Well, this may be a little premature, but it looks like the attempt to get a living wage as a CUNY adjunct has failed. The PSC is muttering about a strike. The leadership is clueless. The members unversed.
Apparently contract negotiations are not proceeding in any novel way. It looks more and more like CUNY just wants to give out, like all other unions for the past umpteenth year, 2% raises across the board. Two percent of nothing is? Nothing So the leadership is nattering--strike.
Yesterday we held a meeting. It is not a violation of the Taylor law to talk about a strike, or vote for a strike. But the problem is--leadership does not want to brainstorm alternatives to a strike.
An academic union is different from the international ladies worker's garment union. For one thing, almost every body involved has a doctorate. And several postdocs. And is published. So getting unanimous support is, of course, never going to happen. We all think we know better. Maybe I do.
For one thing, I think some of my leaders are clueless. One of them, attempting to rouse us from our slumber, said, "The students are with us." Really? Not mine. Mine want their courses over with, with little interruption. They do not really care about my problems. I do not talk with them about adjunct issues. It would be inappropriate. It would be crossing boundaries. My job is to take care of them vis-a-vis coursework. My job is to convey information via recommending texts, delivering lectures, showing appropriate audio-visual clips, assigning papers, and giving tests, among other things. My job is to give them feedback and grades within a reasonable period of time. My job is to inspire them to continue into a four year college, and not be part of CUNY's "leaky pipe." I do not talk about my problems. In my classes, the issues of American labor and subcontracting stay out. When it comes to labor, I talk about all the things you can do with a psychology degree. Oh, the places you'll go. And I am sincere. Critical thinking and good writing skills go far and wide. WIth a well-trained mind, you can get into MBA, MPH, and many other programs.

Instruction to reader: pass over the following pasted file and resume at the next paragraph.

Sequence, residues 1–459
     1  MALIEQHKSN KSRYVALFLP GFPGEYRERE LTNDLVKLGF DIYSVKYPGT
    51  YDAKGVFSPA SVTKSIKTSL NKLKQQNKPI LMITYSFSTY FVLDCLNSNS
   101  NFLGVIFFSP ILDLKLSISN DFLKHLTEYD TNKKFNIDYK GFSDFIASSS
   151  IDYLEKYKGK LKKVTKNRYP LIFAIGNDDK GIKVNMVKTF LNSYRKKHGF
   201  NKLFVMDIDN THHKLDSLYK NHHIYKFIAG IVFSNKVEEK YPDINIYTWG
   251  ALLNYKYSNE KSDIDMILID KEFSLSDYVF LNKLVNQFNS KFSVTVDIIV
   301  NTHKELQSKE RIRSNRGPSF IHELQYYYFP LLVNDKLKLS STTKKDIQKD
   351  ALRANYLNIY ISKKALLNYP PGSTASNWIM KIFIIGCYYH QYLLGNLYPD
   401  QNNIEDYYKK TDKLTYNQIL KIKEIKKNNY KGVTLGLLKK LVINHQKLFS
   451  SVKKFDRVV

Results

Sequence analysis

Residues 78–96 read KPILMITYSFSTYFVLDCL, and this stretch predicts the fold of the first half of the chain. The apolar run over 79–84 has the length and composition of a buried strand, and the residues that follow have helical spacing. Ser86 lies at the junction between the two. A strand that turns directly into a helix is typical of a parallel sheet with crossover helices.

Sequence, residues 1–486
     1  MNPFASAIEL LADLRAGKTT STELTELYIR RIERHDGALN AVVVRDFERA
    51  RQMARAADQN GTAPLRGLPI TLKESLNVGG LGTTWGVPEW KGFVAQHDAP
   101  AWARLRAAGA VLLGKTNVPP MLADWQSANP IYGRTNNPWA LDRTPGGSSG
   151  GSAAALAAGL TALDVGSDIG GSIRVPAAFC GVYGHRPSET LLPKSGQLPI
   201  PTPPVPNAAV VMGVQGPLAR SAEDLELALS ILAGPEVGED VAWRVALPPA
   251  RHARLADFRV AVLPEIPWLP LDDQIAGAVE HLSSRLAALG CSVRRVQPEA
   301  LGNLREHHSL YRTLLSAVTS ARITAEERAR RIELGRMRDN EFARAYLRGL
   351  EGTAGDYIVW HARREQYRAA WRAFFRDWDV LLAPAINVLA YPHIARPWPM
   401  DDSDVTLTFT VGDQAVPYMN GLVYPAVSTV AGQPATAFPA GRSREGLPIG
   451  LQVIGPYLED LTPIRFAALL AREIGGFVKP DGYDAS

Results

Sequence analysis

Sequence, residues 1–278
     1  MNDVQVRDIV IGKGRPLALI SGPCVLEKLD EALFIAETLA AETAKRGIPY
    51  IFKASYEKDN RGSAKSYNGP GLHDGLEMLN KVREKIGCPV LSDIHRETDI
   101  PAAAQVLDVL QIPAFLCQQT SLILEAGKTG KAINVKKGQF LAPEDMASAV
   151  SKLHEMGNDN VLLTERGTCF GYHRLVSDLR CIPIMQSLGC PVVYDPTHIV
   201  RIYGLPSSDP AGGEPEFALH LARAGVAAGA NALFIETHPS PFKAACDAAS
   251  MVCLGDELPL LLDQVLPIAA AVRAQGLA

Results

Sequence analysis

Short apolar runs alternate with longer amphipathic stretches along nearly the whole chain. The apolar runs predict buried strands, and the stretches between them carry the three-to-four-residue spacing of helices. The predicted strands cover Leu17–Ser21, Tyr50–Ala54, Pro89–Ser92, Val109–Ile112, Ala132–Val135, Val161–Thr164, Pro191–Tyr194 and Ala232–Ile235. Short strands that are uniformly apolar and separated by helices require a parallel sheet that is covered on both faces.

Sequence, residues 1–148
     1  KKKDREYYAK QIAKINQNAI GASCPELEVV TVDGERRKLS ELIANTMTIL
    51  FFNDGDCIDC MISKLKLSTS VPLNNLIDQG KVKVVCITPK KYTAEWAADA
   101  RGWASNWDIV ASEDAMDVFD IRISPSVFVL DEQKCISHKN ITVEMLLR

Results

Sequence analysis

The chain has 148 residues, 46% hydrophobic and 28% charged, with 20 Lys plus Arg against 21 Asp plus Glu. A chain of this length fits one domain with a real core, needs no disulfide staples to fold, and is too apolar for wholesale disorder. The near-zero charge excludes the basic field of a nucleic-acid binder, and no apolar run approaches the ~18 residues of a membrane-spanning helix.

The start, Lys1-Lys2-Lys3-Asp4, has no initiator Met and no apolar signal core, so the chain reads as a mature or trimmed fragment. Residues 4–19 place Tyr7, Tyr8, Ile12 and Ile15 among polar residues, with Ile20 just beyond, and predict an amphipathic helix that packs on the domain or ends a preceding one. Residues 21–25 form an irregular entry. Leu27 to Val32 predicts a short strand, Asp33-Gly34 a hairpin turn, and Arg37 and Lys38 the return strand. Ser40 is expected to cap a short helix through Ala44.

Of course, this is not to say that CUNY's treatment of adjuncts is sage and justified. I'm saying, we do not displace our aggression on those with even less than we.